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The Dunedin City Council's review of the Forsyth Barr Stadium operating model will have to grapple with the potential to fuel a money-go-round that could drive up rates across the city, council staff say.
Councillors considering the Dunedin City Council's draft budget this week asked staff to reconsider the stadium's rates bill, as part of a wider review announced by council chief executive Dr Sue Bidrose.
The move came as the council confirmed the stadium's value was set to increase on July 1, from $153 million to $164 million, following a recent assessment by Quotable Value.
QV figures would normally be used to calculate the stadium's rates bill, but councillors in 2010 granted the venue a subsidy amounting to 93%, reducing its nearly $2 million annual rates bill to $134,000, later adjusted for inflation.
The discount aimed to avoid ''distorting'' the rating system for other properties, and meant the council would receive the same rates as it would have from properties previously occupying the stadium site.
Cr Lee Vandervis on Monday called for that to be reconsidered, despite warning it could drive up general rates, saying more council funding to cover a higher stadium rates bill would be ''more honest''.
But, with Dunedin Venues Management Ltd already unable to meet budgets, council financial planner Carolyn Howard said any increase in the company's rates bill could come back to ratepayers.
''If we did rate the stadium and we had an increase in its value like that, then we'd have to look at the funding issue again, so you'd get that circular problem.
''If the stadium was rated normally, like a normal non-residential property, and if the stadium needed to pay that, then they would require more financial assistance from the council, and that would drive general rates up.''
The issue would be considered as part of the wider stadium review announced by Dr Bidrose last week, which it was hoped would be completed by the middle of the year.
Cr Vandervis said when contacted yesterday it was the stadium's rates discount - not the threat of a full rates bill - that distorted the rating system.
The discount meant the stadium paid only ''a fraction'' of its infrastructure costs, including electricity, water and roading, ''forcing other commercial properties and businesses to pay for those services''.
''It would be more honest for the stadium to pay its rates and claim them as an operating expense like every other Dunedin business enterprise. Then the public would have a better idea of how much greater Dunedin ratepayer bail-outs of the stadium are.''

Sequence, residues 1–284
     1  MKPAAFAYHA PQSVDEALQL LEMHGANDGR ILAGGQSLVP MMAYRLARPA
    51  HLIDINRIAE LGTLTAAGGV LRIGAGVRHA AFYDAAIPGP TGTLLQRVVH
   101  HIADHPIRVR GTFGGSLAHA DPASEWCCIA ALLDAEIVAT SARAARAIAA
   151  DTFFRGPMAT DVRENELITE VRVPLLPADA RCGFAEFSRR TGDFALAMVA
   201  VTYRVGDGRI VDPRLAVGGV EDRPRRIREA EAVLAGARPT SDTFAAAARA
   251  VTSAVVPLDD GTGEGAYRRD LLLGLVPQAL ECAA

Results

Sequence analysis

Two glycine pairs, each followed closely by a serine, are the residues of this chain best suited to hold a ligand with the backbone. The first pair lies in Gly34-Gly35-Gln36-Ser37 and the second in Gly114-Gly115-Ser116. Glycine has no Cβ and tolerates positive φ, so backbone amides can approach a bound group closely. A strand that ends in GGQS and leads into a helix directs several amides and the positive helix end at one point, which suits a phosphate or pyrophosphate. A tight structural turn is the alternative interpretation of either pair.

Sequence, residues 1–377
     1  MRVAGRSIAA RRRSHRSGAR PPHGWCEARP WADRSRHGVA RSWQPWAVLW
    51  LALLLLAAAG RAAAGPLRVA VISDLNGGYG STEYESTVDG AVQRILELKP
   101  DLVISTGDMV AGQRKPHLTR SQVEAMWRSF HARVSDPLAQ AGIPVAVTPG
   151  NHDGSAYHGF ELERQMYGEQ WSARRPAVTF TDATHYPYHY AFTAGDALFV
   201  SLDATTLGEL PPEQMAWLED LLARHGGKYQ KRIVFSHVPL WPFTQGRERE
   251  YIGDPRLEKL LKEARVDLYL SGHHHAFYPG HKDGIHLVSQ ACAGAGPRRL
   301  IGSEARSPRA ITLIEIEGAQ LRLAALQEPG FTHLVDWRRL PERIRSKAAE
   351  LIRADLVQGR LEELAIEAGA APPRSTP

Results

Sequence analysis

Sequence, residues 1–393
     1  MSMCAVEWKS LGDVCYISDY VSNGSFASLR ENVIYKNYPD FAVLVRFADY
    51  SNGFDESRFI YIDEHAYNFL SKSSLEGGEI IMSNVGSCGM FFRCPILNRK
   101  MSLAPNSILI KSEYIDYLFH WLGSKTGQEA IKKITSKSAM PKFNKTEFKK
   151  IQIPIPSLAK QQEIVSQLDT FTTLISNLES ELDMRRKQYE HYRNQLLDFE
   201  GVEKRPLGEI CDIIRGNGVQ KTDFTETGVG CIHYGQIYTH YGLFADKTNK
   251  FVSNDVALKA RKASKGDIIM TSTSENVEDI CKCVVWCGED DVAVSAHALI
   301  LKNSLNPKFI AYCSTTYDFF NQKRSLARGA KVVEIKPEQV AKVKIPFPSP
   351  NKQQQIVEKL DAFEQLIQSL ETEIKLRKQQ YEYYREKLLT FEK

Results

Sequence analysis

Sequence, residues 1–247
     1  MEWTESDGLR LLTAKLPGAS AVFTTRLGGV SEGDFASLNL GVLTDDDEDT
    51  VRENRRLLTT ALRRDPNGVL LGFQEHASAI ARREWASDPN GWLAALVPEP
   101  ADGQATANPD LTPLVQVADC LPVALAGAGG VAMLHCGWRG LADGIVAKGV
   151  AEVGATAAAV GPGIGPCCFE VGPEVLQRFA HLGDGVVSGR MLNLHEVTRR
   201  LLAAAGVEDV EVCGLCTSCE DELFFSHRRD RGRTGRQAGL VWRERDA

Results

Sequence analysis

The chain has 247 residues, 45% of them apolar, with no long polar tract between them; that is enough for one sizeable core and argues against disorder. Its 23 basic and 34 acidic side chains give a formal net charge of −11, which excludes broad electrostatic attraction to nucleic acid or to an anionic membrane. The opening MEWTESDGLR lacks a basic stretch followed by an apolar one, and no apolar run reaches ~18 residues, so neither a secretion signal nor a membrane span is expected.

Cr Richard Thomson, chairman of the council's finance committee, disagreed, telling Monday's meeting that would leave the average ratepayer paying more.
''That would be the impact. That's why we changed it in the way in which we did.''
The QV figures also showed the stadium's value had increased by 7.2%, above the city-wide increase in property values, which stood at 3.6%.
QV staff said yesterday the increase in the stadium's value reflected the rising cost of construction, minus depreciation, ''but the costs are going up faster than the depreciation''.
Ms Howard said the QV valuation was separate from work by Darroch Valuations, in 2011, which put the venue's value at $225 million, and an earlier council report, which discussed a value of between $175 million and $200 million.
A review by PricewaterhouseCoopers put the stadium's construction cost at $224.4 million in 2012, while the council last year said the cost could be as high as $266 million, if a list of $42 million in stadium-related extras was included.
Ms Howard said the work by Darroch Valuations had been used to calculate DVML's annual $4 million rent requirement - paid to Dunedin Venues Ltd to help service borrowing costs - but QV figures were used for rateable values.
Councillors on Monday also voted in favour of a CPI adjustment of the stadium's rates bill, amounting to a 1.4% increase for 2014-15.
That would lift the stadium's rates bill by almost $2000, from $135,600 - excluding GST - to $137,500.